Suggested Activities for kids: fun and learning at home
By Keesa Renee DuPre
Kids have trouble concentrating. It's a fact of life. More and
more children these days are being labeled ADD or ADHD, when in
fact, they're just being normal kids. Drugs may lull them into
compliant stupor, but why drug your child when there's another
Before you diagnose your child with an attention disorder, why
not try these fun games with them? They can be played anywhere,
from the living room to the kitchen to the car, and they're
great for long car trips. Plus, they help children learn to
concentrate and focus. They may also help your child "become"
smarter. Children who can concentrate better, can learn
This game is great for any child who can count. You count from
one to ten (or one to twenty, depending on the age of the
child), leaving out numbers every so often. When you leave out a
number, the child should call out the number you left out. For
example, you might go "One, two, three, five," and by the time
you're saying "six", your child should have called out "four".
(Don't stress if your child is consistently missing numbers. If,
after you've said "six", the child hasn't called "four",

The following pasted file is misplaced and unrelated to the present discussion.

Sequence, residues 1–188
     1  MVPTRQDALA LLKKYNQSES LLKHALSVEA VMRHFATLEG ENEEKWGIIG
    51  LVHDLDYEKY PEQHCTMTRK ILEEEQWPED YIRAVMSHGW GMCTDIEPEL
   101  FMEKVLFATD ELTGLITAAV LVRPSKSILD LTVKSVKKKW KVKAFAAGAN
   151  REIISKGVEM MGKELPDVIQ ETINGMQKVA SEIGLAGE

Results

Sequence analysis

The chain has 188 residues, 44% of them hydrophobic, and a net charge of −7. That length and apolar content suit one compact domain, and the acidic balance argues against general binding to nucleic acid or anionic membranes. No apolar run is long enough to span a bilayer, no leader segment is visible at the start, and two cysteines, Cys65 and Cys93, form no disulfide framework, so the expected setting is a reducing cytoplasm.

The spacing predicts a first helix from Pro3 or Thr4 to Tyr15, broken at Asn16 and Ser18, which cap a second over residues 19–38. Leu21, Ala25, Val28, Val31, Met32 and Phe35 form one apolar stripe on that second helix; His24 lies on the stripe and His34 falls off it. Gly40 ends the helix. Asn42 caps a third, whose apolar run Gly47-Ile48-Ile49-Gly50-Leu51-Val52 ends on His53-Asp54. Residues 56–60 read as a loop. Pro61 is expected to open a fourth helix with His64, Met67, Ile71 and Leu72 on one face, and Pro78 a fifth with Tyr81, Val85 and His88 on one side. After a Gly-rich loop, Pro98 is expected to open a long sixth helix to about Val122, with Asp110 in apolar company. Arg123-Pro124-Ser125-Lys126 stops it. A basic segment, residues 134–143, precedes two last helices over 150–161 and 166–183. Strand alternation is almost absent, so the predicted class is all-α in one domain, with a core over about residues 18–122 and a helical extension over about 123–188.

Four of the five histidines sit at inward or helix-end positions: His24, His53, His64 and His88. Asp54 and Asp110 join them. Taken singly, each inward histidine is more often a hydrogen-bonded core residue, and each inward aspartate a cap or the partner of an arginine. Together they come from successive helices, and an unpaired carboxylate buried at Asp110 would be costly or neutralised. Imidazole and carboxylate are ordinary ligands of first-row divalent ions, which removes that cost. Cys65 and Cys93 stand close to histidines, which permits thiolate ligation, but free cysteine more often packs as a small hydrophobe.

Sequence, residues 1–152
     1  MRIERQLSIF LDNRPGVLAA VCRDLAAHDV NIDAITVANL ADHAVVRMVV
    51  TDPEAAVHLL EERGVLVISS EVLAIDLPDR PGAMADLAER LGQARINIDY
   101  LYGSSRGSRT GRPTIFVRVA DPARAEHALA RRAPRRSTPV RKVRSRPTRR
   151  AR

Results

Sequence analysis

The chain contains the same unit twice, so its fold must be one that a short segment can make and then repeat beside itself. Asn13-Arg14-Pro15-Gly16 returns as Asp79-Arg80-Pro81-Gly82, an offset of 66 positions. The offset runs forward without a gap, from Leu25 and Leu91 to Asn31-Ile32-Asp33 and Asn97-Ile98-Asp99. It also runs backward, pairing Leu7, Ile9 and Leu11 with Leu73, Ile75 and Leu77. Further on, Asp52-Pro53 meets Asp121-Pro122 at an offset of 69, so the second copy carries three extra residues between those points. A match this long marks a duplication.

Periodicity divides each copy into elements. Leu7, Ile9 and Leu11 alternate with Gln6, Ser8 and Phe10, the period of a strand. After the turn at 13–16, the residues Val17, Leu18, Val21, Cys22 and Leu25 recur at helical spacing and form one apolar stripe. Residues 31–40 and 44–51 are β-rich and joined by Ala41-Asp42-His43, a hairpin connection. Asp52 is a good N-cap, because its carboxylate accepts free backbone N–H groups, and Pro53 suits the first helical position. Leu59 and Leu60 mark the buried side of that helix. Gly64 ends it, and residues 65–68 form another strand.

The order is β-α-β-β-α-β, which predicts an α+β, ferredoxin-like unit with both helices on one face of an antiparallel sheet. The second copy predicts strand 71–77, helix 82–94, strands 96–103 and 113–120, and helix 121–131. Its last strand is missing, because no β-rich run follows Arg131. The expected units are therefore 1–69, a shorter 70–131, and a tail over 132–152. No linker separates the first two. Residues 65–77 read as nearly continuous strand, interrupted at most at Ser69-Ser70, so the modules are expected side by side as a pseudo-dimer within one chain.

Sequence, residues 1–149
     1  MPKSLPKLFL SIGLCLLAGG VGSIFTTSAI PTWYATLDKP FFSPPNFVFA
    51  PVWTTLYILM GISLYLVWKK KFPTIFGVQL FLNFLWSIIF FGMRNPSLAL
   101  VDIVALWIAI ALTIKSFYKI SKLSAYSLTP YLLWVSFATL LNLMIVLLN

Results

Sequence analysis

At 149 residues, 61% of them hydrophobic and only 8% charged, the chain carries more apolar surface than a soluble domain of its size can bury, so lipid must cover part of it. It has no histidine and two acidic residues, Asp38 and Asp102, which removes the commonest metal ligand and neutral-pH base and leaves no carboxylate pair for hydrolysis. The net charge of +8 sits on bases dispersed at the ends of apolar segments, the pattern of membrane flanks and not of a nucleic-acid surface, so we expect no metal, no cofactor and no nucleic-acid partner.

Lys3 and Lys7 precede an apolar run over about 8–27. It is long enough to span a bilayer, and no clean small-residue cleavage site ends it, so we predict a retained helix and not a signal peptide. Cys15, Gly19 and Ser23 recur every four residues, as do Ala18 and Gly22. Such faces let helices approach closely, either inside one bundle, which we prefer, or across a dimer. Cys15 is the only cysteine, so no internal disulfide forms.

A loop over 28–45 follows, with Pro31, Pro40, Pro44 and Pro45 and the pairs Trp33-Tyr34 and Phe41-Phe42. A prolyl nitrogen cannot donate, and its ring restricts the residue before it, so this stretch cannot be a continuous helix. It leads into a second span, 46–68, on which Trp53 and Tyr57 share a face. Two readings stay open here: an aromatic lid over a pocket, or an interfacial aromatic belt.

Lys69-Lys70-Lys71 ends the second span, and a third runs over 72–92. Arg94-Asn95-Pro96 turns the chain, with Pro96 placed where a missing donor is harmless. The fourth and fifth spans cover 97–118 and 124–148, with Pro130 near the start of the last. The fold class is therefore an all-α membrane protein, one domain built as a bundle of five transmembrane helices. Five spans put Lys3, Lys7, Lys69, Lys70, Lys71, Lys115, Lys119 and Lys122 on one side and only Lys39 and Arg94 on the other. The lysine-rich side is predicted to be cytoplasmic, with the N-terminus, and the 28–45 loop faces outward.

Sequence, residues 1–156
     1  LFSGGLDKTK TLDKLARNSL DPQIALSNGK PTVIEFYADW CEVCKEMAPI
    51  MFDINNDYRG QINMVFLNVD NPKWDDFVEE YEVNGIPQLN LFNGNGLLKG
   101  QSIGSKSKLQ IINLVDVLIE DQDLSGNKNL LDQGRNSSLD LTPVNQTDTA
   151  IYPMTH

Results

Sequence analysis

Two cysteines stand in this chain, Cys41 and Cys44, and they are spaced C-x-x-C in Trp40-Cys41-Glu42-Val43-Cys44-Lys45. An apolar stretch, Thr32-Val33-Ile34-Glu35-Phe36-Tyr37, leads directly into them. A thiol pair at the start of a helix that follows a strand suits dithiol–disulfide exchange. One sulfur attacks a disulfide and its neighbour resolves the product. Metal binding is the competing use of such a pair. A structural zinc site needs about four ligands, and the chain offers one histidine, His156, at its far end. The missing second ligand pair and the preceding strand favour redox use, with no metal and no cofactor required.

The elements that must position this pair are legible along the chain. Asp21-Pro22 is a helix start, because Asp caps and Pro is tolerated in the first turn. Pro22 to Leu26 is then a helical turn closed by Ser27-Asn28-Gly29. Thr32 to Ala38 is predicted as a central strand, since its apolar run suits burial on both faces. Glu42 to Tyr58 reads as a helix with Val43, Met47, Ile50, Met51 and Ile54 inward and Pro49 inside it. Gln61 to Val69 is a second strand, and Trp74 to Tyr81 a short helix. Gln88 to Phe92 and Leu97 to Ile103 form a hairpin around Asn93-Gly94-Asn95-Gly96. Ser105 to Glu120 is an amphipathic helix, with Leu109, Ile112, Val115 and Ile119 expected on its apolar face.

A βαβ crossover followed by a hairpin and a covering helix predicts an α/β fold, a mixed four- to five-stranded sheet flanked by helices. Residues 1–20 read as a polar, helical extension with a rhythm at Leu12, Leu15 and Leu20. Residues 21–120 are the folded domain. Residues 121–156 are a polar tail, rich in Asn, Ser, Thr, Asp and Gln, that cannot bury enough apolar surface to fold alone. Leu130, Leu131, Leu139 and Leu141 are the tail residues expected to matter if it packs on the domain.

playfully point out that they missed one, and start the game
over. Leave out different numbers each time, of course.)
A tricky variation on this game for older children involves
counting by multiples (for example, three, six, nine, twelve,
etc) and occasionally leaving out one of the multiples. Don't be
surprised if this game is almost as difficult for you as for the
child. Both of you will probably mess up many times over; that's
all part of the fun. Laugh over it together, no matter which one
of you messes up, and start over.
This game is great for preschool kids. You call out a word (hot,
light, soft, etc.) and the child gives you the opposite. With
young children especially, be sure to pick concepts they know.
And remember that some words will have more than one opposite.
If you say "happy", for example, the child may say "sad", or
they may say "angry". Both choices would be right. They
shouldn't say "excited", however.
No article on games to improve concentration would be complete
without those beloved tongue twisters we all remember from our
childhood. These include perennial favorites such as
She sells sea shells by the sea shore
Rubber baby buggy bumpers
Betty bought a bit of bitter butter
And, for children who have a lisp or have trouble with their r's
and w's, try this one:
All of these games should be fun for you as well as for the
child. Remember, keep them fun. You know that the child is
learning concentration and developing important skills that will
last them the rest of their life, but the child doesn't know
that, nor should they. As far as you're concerned, this is
playtime. Make the most of it.